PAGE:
On our last days in Copenhagen we had two days where nothing was open, because on Friday it was a holiday and on Sunday, well, in Europe, Sunday is Sunday.
We did manage another visit to Illums Bolighus – above is a pic of the inside – four stories of design filled goodness.
More food pics for Val:
One night we had Danish food – John had some hamburger-like steak with a fried egg on top and I had the plaice.
Many fancier restaurants in Denmark have these brunch plates, which I like to call “greatest hits breakfasts”. At $30CDN, it’s crazy pricey, but a regular breakfast is $20 so worth it at least once. A soft boiled egg, bacon, sausage, hash brown, smoked salmon, quinoa/cabbage with shrimp, cheese, fruit, yogurt with berries and maple syrup and a brownie. Perfect.
At one point we attempted to take the subway but couldn’t because we didn’t have any change and there was no ticket person. Copenhagen’s metro system opened only 7 years ago so it’s pretty mod.
Skuespil huset – a concert theatre on the water. There are quite a number of amazing modern culture houses along the waterfront. We kind of stumbled across this one…
Inside Skuespil huset. They had these crazy hangling lights everywhere.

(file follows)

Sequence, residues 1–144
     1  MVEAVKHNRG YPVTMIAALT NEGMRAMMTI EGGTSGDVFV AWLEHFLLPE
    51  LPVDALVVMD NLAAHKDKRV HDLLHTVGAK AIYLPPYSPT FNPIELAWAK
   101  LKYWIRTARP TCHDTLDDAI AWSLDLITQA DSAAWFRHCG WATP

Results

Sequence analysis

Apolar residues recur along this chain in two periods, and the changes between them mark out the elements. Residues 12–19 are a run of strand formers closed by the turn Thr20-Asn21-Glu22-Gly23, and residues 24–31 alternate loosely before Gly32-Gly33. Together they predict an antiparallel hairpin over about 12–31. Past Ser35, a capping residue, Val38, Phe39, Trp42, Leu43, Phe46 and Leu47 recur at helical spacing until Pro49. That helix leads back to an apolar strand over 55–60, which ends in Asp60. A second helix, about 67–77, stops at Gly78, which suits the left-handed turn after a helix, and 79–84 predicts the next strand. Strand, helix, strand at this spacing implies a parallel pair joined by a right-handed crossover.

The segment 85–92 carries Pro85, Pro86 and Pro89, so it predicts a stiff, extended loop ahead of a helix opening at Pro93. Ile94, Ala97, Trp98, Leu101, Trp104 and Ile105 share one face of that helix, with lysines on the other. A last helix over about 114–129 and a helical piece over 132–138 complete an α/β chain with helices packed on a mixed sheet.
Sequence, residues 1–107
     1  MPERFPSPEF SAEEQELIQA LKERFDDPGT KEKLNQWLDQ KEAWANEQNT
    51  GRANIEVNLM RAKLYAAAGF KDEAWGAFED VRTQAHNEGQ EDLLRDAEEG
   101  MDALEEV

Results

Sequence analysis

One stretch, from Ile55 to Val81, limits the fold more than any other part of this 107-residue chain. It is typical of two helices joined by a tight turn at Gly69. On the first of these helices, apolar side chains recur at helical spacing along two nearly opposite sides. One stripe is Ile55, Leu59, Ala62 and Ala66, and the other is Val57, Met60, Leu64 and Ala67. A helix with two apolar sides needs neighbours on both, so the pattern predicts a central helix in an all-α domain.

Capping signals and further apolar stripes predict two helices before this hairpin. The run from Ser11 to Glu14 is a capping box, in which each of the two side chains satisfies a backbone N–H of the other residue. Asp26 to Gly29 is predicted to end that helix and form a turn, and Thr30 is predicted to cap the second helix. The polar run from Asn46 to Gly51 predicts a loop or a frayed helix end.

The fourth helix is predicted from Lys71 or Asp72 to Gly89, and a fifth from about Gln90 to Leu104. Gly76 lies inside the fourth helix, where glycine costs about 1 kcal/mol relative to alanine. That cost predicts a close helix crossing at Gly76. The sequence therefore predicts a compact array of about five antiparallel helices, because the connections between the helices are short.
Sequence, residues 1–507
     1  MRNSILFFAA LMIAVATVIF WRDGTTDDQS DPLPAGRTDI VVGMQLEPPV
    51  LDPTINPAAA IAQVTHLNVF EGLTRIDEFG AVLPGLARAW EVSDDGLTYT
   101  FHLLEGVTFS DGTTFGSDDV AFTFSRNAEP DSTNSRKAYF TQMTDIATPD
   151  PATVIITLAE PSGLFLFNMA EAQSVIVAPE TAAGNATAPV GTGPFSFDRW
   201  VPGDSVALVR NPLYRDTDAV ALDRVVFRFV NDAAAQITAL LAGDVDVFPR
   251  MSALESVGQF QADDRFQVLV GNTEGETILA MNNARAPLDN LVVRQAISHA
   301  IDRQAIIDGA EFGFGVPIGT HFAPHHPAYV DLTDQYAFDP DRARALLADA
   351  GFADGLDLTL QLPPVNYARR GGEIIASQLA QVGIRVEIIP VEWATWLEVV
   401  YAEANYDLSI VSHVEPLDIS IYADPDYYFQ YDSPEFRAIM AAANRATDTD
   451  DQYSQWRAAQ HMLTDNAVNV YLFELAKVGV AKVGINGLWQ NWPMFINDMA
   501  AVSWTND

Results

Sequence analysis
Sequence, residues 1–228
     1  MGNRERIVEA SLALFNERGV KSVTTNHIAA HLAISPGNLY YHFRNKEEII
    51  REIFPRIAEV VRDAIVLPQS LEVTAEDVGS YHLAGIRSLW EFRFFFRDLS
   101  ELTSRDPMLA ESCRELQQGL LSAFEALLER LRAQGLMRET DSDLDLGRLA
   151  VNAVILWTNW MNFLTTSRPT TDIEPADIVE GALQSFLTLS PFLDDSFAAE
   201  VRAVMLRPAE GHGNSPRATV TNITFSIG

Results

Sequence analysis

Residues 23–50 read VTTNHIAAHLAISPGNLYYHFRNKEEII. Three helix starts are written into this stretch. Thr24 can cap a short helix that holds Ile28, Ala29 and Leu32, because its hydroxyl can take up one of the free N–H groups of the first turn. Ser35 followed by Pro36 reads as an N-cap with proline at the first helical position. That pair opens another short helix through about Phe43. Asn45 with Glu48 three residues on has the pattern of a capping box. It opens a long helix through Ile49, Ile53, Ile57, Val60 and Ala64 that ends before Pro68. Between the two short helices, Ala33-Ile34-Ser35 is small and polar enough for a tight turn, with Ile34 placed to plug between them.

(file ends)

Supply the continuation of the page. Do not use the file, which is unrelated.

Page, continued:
On our last day, we ventured over to Christiania, a hippy commune. Twice now I have gone over to a place called Christianshavn thinking I was in the right place, only to be confused as the area that is Christianshavn is pretty normal. I finally looked on a map and realized the Freetown hippie commune is actually called Christiania and it’s located in a corner of Christianshavn. You can’t take photos in the main area where there are a few cafes and a marketplace because of some activity that is legal but illegal.
According to Wikipedia, it’s a “self-proclaimed autonomous neighbourhood of about 850 residents, covering 34 hectares (85 acres).”
Signage at an entrance at the back end.
Basically in the 1960s, a bunch of hippies took over an area of abandoned army barracks. There is an organic cafe, and even a building centre (since a lot of the structures seem to be pretty diy).
But once you get past that there is an idyllic path around water that has modern cottages, ramshackle homes, plywood structures, teepees…
After Christiania, we headed on over to the Crown of Scandinavia, to embark on the next part of our journey…Norway. The best way to get from Copenhagen to Oslo is by DFDS cruise ships. It’s an overnight journey, with dining, entertainment, bars etc and it only costs about $70 per person – one nights accomodation and travel!
I had to snap this shot because Scandinavians sure do love hot dogs, so much so there is even a stand on the ship!
See you in Oslo!